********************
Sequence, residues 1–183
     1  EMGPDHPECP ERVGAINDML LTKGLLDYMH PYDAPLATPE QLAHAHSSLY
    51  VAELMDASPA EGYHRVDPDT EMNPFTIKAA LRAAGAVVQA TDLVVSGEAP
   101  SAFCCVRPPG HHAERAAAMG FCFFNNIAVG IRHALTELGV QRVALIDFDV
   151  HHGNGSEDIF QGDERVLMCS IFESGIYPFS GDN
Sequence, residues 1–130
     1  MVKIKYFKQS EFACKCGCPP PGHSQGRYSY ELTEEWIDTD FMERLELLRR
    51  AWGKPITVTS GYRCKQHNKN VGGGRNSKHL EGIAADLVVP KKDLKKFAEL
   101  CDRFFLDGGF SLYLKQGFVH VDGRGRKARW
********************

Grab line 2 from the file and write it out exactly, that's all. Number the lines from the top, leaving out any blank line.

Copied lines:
     1  EMGPDHPECP ERVGAINDML LTKGLLDYMH PYDAPLATPE QLAHAHSSLY